Staunton, March 28 – Only the Russian Orthodox Church is not objecting to Duma plans to amend the laws governing religious organizations to require that clergy and other religious leaders receive instruction in the laws of the Russian Federation governing faith communities before being allowed to lead congregations.
Buddhists fear that it will mean that leaders of their community abroad cannot come to Russia to teach. Muslims object to what they see as an infringement of their constitutional rights. And Pentecostals, similar concerned, have announced that they will ask Vladimir Putin not to sign the bill if it passes, Kommersant reports (kommersant.ru/doc/4741865).
This opposition has led the Duma to postpone a second vote on the question, but the idea, which has been under consideration by the Russian legislature since last summer, appears to have a life of its own and is likely to be brought up again once the current wave of resistance crests and passes.
The proposed amendment itself, Duma deputies involved in the process say, may be modified to allow those trained abroad to take courses in Russia and those who are members of a religious denomination without its own religious training center in Russia to be certified in this regard at one or another Russian university.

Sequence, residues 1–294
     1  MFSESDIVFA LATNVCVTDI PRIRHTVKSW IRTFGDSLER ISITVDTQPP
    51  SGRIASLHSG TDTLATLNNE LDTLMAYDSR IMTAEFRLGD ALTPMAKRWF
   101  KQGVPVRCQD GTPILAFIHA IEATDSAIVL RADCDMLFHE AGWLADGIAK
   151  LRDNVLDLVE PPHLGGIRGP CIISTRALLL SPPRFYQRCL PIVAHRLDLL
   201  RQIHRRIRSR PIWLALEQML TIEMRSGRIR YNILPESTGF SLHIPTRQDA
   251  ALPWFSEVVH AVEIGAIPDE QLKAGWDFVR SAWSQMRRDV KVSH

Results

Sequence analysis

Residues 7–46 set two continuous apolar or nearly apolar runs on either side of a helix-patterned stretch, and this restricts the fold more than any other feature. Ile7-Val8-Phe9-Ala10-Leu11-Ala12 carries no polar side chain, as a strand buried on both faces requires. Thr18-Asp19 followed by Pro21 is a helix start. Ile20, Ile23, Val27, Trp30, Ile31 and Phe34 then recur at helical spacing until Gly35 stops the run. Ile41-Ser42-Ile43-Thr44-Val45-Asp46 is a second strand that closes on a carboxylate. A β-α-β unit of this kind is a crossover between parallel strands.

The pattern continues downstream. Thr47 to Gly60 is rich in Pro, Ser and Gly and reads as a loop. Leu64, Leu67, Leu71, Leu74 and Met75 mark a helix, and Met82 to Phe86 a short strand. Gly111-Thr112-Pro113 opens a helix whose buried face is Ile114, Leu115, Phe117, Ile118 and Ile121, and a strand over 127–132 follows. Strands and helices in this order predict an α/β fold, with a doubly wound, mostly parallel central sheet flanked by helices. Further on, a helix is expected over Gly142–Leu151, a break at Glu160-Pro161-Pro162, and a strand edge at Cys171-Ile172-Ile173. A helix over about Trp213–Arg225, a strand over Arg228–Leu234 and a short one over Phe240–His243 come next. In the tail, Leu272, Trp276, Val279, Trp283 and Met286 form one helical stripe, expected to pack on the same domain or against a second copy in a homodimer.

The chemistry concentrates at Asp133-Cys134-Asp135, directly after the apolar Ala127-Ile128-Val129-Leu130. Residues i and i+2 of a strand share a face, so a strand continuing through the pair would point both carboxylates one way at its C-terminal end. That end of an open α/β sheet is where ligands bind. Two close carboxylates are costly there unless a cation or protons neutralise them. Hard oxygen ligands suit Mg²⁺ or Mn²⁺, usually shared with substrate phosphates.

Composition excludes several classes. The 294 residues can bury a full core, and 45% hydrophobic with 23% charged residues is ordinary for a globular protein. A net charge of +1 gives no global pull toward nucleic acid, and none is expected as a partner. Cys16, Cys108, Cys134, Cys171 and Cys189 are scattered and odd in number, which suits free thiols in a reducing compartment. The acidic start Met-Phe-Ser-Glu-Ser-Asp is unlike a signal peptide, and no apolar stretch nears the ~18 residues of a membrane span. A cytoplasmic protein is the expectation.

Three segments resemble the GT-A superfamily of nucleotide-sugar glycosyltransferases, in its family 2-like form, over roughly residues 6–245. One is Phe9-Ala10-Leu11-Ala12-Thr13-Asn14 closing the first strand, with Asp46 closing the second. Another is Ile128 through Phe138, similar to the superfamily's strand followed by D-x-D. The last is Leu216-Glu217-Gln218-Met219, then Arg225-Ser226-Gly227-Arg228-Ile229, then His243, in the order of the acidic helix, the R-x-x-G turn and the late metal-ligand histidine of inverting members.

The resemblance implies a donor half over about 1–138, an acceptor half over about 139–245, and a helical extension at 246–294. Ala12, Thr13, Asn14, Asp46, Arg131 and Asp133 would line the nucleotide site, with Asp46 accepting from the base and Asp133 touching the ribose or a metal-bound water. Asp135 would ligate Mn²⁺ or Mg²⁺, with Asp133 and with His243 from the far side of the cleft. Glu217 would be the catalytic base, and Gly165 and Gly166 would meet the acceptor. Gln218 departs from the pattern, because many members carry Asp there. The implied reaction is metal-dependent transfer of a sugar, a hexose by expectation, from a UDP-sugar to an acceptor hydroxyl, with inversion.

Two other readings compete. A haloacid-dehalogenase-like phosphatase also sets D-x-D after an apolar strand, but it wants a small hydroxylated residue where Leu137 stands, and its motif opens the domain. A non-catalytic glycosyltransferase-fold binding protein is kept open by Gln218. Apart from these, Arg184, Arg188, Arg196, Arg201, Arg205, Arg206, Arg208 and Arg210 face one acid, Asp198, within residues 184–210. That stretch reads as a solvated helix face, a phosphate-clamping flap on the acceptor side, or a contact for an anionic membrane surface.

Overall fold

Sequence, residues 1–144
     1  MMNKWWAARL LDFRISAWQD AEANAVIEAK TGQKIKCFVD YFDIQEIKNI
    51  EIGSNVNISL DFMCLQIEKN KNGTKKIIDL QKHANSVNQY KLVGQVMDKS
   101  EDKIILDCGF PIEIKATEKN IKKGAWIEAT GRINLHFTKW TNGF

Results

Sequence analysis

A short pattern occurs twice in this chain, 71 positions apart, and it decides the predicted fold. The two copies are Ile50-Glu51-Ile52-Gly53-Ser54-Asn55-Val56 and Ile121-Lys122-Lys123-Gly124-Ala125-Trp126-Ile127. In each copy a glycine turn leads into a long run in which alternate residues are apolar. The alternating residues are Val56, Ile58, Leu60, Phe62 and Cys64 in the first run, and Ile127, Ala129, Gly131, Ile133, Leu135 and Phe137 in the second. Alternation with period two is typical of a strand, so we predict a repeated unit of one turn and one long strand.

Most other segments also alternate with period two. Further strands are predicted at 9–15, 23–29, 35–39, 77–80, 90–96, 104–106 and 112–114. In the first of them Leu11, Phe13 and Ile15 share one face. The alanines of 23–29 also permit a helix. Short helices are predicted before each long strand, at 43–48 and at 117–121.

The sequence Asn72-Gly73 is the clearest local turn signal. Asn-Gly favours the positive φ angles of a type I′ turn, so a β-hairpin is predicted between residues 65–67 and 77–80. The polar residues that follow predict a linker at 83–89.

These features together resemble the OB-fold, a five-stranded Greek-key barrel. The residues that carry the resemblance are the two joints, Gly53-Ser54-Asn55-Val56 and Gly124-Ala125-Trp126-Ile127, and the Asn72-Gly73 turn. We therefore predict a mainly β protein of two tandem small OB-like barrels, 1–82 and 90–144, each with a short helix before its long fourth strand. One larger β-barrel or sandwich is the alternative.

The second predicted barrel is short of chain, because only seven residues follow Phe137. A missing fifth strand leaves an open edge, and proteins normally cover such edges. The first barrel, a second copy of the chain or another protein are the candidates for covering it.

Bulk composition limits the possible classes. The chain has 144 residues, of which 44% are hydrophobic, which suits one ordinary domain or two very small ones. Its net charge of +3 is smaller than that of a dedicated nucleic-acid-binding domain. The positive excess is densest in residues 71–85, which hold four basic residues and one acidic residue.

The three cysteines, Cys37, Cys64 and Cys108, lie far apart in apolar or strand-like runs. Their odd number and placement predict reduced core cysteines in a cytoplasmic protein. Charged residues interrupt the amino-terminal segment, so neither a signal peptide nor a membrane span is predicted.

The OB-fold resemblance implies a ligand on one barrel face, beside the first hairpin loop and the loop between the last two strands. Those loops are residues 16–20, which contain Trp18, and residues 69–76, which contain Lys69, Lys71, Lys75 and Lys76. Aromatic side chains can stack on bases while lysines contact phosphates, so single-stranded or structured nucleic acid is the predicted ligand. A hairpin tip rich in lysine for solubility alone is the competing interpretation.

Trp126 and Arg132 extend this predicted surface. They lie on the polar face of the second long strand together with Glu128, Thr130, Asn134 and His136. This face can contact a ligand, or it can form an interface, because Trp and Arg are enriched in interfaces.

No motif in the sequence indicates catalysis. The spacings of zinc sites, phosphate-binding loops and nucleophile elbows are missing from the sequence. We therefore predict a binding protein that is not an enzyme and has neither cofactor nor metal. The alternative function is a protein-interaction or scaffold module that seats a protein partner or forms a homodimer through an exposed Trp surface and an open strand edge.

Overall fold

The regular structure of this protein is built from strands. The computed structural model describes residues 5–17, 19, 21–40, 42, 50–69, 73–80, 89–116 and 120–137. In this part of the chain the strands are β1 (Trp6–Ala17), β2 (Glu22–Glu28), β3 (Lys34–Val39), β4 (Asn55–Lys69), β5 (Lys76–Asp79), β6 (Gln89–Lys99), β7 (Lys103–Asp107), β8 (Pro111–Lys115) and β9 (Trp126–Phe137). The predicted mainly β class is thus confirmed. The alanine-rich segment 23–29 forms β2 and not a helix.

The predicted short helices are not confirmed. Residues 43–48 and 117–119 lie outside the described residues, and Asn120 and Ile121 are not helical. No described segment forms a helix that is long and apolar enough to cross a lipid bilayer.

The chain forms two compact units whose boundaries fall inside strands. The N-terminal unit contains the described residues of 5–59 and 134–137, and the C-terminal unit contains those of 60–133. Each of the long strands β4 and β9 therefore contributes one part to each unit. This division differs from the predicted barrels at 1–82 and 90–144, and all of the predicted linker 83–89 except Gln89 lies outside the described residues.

Such changes meet the objections of the Buddhists but hardly those of the Muslims or Protestants, the Moscow daily reports. And their leaders see the failure of Duma deputies to pay attention to their suggestions and complaints as evidence both that the ruling party plans to go ahead with this and that it is not concerned about Muslims and non-Orthodox Christians.
That makes the observation of Aleksandr Verkhovsky, the head of the SOVA Information-Analytic Center which tracks religious issues, intriguing. He says that he is “certain” the new amendment was introduced in the first instance in order to give the state the ability to “’de-radicalize”” Muslims.
If Muslim mullahs and imams aren’t trained inside Russia or in secular institutions there, they would not be allowed to preach in the future. But blocking them from doing so in this way almost certainly will have the unintended consequence of driving them and their congregations underground, thus promoting the very radicalization the amendment is intended to prevent.
Indeed, if this measure does finally pass and is signed into law, a large number of Russia’s increasingly numerous Muslim communities are likely to go underground much as was true in Soviet times and now become a greater threat to the secular authorities than anything they have presented in recent years.